There’s no question the Internet has been a boon to many companies, making them more efficient and organized. Emails have replaced memos, and employees separated by oceans can strike up a conversation in seconds. But all that easy online access comes with a downside: “cyberloafing,” or employees goofing off on the Internet during work hours, searching for easy apple pie recipes, updating their Facebook status, or sending personal emails.
This uniquely modern form of workplace slacking is both costly and difficult to spot, because employees can appear to be hard at work when they’re actually wasting time. A 2010 study found that the average American admits to whiling away more than two working hours each day online. Researchers have estimated that this equals an annual productivity loss of as much as US$85 billion each year for U.S. firms. And cyberloafing poses additional threats: the loss of bandwidth for conducting real company business, the risk of computer viruses, and potential legal issues resulting from employees’ online activity.
A new study in the Journal of Leadership & Organizational Studies, “Cyberloafing and Personality,” sheds light on which types of employees are most likely to lollygag online while on the clock, and suggests ways for firms to limit the practice. Based on detailed surveys and psychological assessments of working adults who use the Internet as part of their jobs, the authors found that young, male employees were the most likely to waste time online.
The authors also examined cyberloafing in terms of the “Big Five” personality traits, which psychologists have agreed largely represent a person’s fundamental character. These traits—conscientiousness, emotional stability, agreeableness, extroversion, and openness to experience—also affect how employees approach their jobs. After controlling for gender and age, the authors found that extroverted personalities were the most likely to fritter away online time on the company dime. This could be because the Internet now has so many social elements that gregarious employees have traded the office water cooler for online interaction with friends and family.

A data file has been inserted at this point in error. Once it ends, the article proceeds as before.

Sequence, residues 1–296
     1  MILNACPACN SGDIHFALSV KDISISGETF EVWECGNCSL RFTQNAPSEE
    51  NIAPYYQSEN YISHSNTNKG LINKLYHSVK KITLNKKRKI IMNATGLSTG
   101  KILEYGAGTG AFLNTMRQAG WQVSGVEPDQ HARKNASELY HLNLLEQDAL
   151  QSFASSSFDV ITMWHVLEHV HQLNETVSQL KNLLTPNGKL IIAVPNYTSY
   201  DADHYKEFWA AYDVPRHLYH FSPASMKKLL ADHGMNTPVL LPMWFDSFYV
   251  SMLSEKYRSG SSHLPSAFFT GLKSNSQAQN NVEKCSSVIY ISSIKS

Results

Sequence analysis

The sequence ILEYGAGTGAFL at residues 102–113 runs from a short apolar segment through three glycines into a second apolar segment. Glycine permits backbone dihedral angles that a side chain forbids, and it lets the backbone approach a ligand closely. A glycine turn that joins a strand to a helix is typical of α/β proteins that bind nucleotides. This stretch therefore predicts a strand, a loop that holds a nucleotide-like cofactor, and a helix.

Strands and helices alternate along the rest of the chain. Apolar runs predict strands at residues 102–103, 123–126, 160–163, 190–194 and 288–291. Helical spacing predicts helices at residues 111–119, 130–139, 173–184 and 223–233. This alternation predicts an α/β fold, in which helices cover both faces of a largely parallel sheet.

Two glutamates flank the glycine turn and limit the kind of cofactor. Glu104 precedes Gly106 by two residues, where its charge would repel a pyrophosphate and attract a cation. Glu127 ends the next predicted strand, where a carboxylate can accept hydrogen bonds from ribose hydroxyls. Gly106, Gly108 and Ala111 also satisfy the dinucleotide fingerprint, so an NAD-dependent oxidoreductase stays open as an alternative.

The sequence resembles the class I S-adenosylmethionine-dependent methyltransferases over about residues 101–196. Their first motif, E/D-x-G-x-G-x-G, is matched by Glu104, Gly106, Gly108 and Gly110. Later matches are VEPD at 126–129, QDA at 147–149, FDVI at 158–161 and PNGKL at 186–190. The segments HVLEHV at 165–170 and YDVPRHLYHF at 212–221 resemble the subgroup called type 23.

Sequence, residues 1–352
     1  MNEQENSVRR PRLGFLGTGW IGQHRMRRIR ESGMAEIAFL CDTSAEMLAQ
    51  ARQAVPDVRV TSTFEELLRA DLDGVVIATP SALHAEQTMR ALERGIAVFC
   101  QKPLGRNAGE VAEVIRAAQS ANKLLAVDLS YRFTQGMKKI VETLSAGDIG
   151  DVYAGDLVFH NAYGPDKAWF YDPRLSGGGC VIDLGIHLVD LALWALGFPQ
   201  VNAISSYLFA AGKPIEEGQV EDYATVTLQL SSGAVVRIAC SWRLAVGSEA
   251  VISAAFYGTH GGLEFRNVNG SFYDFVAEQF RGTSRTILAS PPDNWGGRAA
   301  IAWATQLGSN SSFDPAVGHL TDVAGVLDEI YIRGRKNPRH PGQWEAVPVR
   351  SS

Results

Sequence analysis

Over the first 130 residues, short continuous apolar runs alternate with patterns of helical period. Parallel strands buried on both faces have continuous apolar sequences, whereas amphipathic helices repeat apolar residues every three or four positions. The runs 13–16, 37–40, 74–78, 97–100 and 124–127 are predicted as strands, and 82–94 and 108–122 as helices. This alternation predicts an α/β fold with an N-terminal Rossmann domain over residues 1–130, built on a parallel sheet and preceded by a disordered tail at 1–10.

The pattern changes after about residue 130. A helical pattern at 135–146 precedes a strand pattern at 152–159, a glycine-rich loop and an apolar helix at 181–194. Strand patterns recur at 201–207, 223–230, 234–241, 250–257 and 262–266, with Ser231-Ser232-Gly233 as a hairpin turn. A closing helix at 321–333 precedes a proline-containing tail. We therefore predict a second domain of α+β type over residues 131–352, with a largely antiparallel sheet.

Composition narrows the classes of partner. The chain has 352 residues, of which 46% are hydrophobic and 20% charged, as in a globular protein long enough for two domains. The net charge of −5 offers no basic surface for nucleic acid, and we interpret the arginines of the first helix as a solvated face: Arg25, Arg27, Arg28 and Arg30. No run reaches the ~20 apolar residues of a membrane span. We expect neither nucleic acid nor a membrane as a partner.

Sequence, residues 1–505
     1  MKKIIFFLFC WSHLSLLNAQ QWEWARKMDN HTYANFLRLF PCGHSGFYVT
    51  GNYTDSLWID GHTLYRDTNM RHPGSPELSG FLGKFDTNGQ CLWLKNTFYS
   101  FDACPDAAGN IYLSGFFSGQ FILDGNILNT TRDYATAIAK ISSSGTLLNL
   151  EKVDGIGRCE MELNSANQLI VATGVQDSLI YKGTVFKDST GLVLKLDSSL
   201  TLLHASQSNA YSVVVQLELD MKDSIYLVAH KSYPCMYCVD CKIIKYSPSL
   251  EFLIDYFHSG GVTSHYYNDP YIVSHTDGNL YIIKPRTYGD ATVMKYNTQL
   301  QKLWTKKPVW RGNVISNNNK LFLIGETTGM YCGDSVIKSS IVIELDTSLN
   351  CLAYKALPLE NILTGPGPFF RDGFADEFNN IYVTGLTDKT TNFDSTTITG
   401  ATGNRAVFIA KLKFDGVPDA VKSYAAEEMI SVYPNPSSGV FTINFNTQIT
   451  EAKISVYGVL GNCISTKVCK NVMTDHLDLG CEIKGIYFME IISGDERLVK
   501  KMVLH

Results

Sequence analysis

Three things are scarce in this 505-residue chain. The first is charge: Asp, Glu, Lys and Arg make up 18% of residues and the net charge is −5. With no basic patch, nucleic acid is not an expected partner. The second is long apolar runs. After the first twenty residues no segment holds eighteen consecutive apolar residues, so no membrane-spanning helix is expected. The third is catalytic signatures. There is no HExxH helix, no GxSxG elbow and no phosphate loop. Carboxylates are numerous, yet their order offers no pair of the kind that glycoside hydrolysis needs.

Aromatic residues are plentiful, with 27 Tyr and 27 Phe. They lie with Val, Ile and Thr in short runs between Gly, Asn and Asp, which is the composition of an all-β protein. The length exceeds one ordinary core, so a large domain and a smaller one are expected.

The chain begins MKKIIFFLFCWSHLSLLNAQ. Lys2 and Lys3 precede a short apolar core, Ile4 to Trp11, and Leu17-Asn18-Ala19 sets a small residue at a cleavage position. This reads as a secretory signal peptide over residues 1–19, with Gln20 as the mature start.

Employees with higher levels of conscientiousness, emotional stability, and openness, on the other hand, were less likely to engage in cyberloafing, while agreeableness had no discernible impact.
How can companies fight back against online slacking? They can always take the easy way out and simply block popular Internet mail servers and instant messenger programs. But they risk alienating employees, who might feel as if they’re being treated like children. A defined Internet usage policy is more helpful, especially if it emphasizes punishment for workers who misuse the firm’s online access, the authors found. Conducting personality assessments based on the Big Five traits and their relationship to cyberloafing may also help companies with their hiring decisions.
But on a more basic level, giving employees a sense of meaning in their work that keeps them engaged and focused is the best deterrent to cyberloafing, the authors write. Offering job enrichment and training programs tailored to specific employees and positions may be more onerous and costly for companies than simply establishing a corporate Internet usage policy. But strengthening employees’ feeling of worth has many benefits—fewer distractions; increased productivity; and less work time spent on Facebook, eBay, or Twitter being among them.